Dorm Living: What Are the Disadvantages?

Dorm Living: What Are the Disadvantages?


Certainly the collective groans from some of our followers had no bearing on writing a counterpoint article, but in the interest of “fair and balanced” reporting we bring to you a number of disadvantages in dorm living.

Personal Privacy

When living in a dorm, everyone knows your name. And that is not all that they know about you: your comings and goings, your friends and even your casual acquaintances are subject to inspection and comment.

For people that value their privacy, dorm living will leave them feeling exposed. Your roommate not only knows more about you then you care to share, but has a habit of sharing certain of your perceived annoyances with his Facebook followers. Little did you know that you would become a social media cause célèbre and for all the wrong reasons!

Personal Safety

Your college’s website does a fine job of putting the school’s best foot forward, by publishing numerous photographs of the campus, classroom buildings and the outside of its dorm buildings. Who knew that Mundane Hall is a nationally recognized site prized for its art deco facade?

It is the inside of the dorm buildings that are not so nice, with very few updates made since the 1930s. Halls are poorly lit, your Internet connection is spotty and the hinges on dorm room doors are rusty and desperately in need of lubricating. Then there is the matter of your personal safety: your sixth floor room is convenient to both the elevator and stairs, but if a fire erupted, the outside fire escape appears shaky at best. Living at Mundane Hall has you imagining choosing between jumping six stories to overcome the flames or risking your life by dashing down a smoke-filled stairwell.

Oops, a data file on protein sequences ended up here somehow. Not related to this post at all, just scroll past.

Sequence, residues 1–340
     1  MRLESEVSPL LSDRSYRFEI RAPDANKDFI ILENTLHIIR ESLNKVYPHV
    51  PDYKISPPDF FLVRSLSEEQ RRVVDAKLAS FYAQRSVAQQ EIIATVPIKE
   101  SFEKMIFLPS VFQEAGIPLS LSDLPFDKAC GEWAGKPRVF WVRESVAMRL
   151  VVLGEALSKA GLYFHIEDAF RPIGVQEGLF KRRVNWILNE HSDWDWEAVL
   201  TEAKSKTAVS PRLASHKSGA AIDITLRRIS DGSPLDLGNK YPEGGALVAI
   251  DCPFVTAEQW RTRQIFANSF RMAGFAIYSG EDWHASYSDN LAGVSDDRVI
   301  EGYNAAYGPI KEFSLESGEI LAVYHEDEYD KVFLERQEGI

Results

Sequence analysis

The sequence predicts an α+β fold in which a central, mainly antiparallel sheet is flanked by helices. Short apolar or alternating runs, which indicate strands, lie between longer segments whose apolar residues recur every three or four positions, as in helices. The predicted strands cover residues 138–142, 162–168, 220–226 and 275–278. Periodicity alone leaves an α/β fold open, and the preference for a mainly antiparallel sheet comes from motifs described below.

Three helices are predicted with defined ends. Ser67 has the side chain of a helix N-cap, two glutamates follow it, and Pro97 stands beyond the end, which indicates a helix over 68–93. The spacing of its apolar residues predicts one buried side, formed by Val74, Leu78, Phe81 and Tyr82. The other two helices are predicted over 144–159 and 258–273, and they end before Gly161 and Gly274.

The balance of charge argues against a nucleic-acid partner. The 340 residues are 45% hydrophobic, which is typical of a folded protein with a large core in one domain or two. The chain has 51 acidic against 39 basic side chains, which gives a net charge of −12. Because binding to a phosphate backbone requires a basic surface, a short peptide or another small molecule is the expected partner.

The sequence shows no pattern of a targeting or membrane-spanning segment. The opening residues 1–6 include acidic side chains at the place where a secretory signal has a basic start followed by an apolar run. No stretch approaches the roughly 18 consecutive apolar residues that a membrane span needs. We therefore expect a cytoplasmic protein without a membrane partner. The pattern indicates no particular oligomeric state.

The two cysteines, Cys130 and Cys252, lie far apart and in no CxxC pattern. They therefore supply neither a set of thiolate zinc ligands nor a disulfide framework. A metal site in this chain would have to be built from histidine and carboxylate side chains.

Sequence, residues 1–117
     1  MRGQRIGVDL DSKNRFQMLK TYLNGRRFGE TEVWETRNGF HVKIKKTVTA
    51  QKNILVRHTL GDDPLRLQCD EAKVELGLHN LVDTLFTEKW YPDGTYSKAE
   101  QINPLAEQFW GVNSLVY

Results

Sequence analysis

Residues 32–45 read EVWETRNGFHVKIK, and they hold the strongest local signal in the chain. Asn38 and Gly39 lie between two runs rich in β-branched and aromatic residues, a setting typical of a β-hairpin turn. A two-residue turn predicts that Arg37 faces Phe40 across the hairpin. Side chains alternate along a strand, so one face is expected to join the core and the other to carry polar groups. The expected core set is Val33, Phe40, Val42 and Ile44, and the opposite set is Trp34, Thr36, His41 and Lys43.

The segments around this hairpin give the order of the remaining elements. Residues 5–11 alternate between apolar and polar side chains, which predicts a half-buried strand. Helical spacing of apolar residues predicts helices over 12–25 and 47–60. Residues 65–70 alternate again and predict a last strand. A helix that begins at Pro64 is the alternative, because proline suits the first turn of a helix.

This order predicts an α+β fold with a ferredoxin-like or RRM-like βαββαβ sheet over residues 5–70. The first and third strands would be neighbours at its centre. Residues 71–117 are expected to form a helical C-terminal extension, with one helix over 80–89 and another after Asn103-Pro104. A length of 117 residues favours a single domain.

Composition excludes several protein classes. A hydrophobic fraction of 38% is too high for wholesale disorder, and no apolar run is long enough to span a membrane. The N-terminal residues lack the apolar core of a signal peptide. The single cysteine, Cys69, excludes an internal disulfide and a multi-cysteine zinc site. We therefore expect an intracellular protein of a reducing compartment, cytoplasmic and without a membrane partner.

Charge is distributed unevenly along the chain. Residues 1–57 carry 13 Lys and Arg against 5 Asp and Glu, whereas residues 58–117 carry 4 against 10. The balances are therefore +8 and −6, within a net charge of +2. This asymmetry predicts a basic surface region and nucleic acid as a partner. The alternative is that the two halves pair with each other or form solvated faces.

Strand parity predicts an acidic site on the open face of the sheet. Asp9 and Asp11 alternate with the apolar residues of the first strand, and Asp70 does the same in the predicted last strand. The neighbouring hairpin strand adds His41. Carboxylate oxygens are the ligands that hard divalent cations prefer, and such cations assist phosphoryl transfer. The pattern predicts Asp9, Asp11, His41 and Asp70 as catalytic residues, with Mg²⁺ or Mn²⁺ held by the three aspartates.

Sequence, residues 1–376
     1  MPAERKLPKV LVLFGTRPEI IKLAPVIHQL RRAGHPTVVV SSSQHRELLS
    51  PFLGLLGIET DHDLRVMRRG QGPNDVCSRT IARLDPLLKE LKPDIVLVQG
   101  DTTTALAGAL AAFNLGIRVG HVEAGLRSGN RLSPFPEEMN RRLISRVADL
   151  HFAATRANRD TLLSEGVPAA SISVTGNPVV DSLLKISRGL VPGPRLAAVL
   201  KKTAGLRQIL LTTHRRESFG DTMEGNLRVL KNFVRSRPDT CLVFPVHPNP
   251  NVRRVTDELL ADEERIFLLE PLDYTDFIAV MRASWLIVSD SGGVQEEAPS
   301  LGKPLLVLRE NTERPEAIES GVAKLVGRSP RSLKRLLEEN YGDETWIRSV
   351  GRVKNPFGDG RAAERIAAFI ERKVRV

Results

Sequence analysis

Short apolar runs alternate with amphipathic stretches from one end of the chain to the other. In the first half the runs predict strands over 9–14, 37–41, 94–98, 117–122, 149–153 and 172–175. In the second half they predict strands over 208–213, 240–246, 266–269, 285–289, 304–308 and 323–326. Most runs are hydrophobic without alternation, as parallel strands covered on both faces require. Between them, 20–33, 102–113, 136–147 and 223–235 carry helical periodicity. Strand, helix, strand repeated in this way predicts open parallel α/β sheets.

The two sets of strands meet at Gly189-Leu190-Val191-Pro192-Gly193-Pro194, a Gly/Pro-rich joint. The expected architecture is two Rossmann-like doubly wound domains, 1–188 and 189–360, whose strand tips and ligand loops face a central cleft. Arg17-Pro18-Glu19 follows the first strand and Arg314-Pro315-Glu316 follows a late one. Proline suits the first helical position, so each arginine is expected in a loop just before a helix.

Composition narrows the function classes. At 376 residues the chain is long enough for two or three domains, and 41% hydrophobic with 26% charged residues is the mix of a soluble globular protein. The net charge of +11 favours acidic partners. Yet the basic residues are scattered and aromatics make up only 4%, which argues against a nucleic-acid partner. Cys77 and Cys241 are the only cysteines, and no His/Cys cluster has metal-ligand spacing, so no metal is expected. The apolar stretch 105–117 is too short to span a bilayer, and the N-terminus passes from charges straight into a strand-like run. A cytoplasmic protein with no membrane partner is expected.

Personal Growth

How long will you be tied to your mother’s apron strings? Sure, your parents are nowhere near while you are living on campus, but the same oversight that you had while under their roof exists in the dorm.

You will grow up faster if you decide to find an off-campus apartment and learn to manage your own home yourself. You’ll need to get up earlier to allow enough time for classes, arrange your own transportation to and from campus and shop for your own food. Never mind that you’ll also be responsible for paying rent, your utility bills and battling for limited parking with your neighbors. Hmmm…. come to think of it, dorm living may not be so bad after all!

Apartment Considerations

If you do choose to live off campus, you can defray some of your costs by sharing your home with a roommate. At least with this individual you have a choice in whom you share your living space, therefore carefully find someone that won’t invade your privacy, compromise your personal safety or present the same kind of annoyance you experienced while living on campus.

See AlsoFive Essentials to Help You Survive Dorm Life This Semester


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Categories: College Living